The Selle San Marco Shortfit Racing Saddle is a supremely comfortable design for short distances, allowing for a lot of flexibility in positioning, especially for those who like more aggressive rides.
Before we start this review proper, bear in mind that everybody is different when it comes to saddles, so what might be wonderfully comfortable for me could be incredibly uncomfortable for you. We always recommend testing out a saddle before you buy.
There has been a trend towards smaller or noseless saddles in time trialling, but Selle San Marco has introduced this to road-specific saddles with its Shortfit range, taking its Racing, Dynamic, and Carbon FX models and cutting them down to size. The Racing that I tested was 250 x 144mm, which puts it noticeably shorter than any of the saddles on my other bikes.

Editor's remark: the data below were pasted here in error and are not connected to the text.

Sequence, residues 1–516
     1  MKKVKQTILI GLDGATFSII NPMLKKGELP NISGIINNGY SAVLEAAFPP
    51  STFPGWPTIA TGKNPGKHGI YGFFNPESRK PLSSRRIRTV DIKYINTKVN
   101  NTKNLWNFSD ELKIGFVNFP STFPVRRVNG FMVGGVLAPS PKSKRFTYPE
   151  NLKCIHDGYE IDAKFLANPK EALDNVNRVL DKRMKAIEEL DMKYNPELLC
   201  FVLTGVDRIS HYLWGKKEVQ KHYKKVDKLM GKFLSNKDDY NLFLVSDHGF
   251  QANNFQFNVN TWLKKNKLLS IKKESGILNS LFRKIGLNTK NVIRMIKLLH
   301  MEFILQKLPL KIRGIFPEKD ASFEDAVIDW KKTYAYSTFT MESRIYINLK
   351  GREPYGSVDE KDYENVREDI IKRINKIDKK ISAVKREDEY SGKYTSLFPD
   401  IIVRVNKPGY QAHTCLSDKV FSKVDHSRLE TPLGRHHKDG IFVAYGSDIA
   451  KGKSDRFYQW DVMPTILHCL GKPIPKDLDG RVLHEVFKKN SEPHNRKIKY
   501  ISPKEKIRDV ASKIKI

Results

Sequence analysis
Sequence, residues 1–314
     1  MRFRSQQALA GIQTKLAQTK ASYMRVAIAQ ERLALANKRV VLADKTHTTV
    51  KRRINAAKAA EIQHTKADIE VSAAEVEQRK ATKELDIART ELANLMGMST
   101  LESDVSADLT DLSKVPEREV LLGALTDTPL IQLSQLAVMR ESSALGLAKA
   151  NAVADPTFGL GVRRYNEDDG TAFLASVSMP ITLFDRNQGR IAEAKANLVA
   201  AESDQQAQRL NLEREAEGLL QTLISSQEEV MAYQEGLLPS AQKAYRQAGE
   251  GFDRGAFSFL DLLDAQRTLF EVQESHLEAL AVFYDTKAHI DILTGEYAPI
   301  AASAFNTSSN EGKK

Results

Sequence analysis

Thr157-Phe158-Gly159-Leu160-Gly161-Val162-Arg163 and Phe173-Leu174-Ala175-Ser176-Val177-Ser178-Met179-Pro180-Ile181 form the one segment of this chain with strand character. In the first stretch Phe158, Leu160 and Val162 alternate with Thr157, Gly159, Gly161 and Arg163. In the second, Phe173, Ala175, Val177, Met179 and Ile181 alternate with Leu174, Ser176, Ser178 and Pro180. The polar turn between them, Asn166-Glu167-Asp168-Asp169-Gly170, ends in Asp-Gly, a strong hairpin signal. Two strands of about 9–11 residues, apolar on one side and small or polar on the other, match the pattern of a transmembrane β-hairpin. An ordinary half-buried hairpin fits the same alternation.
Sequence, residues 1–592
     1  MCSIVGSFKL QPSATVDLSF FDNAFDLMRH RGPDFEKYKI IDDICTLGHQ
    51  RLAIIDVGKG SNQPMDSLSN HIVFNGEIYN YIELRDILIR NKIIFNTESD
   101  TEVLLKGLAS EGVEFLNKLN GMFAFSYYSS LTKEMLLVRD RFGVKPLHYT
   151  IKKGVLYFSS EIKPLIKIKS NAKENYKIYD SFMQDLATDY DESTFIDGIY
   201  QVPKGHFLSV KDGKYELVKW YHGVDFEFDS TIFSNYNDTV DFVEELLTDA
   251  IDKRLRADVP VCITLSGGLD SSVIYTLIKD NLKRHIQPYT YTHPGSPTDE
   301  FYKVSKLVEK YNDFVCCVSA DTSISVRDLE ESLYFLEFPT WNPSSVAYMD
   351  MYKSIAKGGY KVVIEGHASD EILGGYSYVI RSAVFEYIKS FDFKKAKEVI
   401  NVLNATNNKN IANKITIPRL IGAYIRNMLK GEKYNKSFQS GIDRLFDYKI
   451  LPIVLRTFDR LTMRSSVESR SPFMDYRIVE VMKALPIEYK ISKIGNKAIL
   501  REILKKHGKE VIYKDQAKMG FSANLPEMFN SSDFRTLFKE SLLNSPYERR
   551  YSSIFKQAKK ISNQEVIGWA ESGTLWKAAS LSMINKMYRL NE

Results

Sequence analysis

The idea behind this shortening is to provide increased variation for those who like to move closer to their handlebar and adopt a more aggressive riding position. Movement is noticeably easier; I used it on a couple of times of a track bike and found this particularly useful.
However, it is not only during short rides that this saddle delivers. I used it for a few long-distance rides and found it fine throughout; there are more comfortable saddles for long rides, but it's not bad at all. There is a cutout that runs the length of the saddle which really helps with relieving pressure on the perineum, and the varying foam densities across the saddle help too, offering just the right amount of support.